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$18m project to build drop-in biofuel assurance framework

Article-$18m project to build drop-in biofuel assurance framework

Photo: CMA CGM APL Paris biofuel bunkering in Singapore
Singapore-registered APL Paris biofuel bunkering in Singapore
The Global Centre for Maritime Decarbonisation (GCMD) and 17 industry peers launched a project to safeguard the premium and value of marine biofuels.

The 18-strong coalition said it has committed $18m in cash and in-kind services to “establish an assurance framework for ensuring the supply chain integrity of current and future green marine fuels.”

From August 1, a 12–18-month pilot scheme will use BunkerTrace tools to track fuels all the way from production to propulsion, using molecular verification tests at multiple points along the supply chain to validate the authenticity of sustainable biofuels. The pilot will involve 12 vessels bunkering at three ports across three continents.

“Hence, the pilot will address traceability of drop-in biofuels from production, distribution, transportation, storage, and bunkering to shipboard application, providing end-to-end supply chain transparency,” said the coalition.

The framework created by the pilot aims to increase supply chain transparency for current drop-in biofuels with a view to extending the programme to future biofuels when they reach significant market volumes.

By addressing concerns in the market about the integrity of the biofuel supply chain, the consortium hopes to lower barriers to adoption of biofuels and increase market uptake of the greener and more expensive fuels.

“Designed through the lens of the shipowner, piloting will start with fuel blends involving existing biofuels, such as hydrotreated vegetable oil (HVO) and fatty acid methyl esters (FAME) blended with either very low sulphur fuel oil (VLSFO), high-sulphur fuel oil

(HSFO) or marine gas oil (MGO) in blends up to 30% biofuels (B30),” said the coalition.

The ship owners, charterers and operators in the pilot represent around 2,300 vessels across containerships, tankers and bulkers, transporting around 8.4m teu or 80.6m dwt globally.

Unni Einemo, Director of the International Bunker Industry Association (IBIA) said: “A variety of biofuels and biofuel blends have already been successfully tested, but this comprehensive pilot can help address remaining uncertainties about how these fuels work in practice by getting extensive end-user operational experiences with products involving FAME and HVO, and hopefully also crude algae oil.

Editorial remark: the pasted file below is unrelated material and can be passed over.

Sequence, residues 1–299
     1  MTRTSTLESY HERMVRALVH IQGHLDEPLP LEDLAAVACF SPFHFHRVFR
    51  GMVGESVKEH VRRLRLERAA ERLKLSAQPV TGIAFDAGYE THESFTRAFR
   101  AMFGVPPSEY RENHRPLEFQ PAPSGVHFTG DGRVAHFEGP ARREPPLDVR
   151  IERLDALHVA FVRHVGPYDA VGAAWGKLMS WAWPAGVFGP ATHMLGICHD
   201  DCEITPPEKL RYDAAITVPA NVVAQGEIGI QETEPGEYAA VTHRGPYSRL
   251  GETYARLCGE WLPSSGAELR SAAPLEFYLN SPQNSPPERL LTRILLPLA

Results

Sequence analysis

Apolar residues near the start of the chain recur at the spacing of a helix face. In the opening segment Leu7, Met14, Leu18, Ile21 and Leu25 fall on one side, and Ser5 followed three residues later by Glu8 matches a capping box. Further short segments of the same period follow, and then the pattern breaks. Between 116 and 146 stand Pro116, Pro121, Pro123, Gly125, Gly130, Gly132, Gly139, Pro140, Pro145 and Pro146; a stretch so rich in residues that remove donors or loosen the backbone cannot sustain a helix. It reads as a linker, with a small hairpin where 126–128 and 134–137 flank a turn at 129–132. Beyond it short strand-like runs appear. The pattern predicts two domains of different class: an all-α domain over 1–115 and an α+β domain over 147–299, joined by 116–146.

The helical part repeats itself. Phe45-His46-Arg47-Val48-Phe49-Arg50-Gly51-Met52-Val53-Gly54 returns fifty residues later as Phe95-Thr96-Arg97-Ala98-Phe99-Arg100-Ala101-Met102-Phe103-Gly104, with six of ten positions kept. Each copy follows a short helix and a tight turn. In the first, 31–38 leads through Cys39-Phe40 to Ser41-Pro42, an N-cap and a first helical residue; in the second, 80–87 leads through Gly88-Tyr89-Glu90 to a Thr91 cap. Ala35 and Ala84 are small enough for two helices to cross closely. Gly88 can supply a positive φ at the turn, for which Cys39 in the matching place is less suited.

“The tracing element in this pilot is also really exciting. Biofuels have the potential to help the existing fleet meet IMO’s GHG reduction targets by taking lifecycle emissions into account, but one of the challenges will be certification of product origin as the sustainability of biofuels can vary significantly depending on production pathways. Biofuels can be blends coming from feedstock with different sustainability profiles, so it will be interesting to see if the DNA tracing will show mainly single-source origin products or biofuels of multiple origins. This could give us some really useful insights into the complexities of documenting the full supply chain of fuels, which will become increasingly important.”

GCMD called for crude algae oil (CAO) producers to join the project and use the trial as an assessment of third-generation CAO as a marine fuel.

The industry coalition behind the pilot and project comprises: Anglo American, Astomos Energy Corporation, Boston Consulting Group, BHP Singapore Pte Limited, BunkerTrace Limited, Chevron Corporation, CMA CGM S.A., Eastern Pacific Shipping Pte. Ltd., Hapag-Lloyd AG, MAN Energy Solutions SE, Nippon Yusen Kabushiki Kaisha, Ocean Network Express Pte. Ltd., Pacific International Lines (Pte) Ltd., Saybolt (Singapore) Pte Ltd, Stena Bulk AB, Swire Bulk Pte. Ltd., VG (Viswa Group), and VPS.

TAGS: Bunkering Asia
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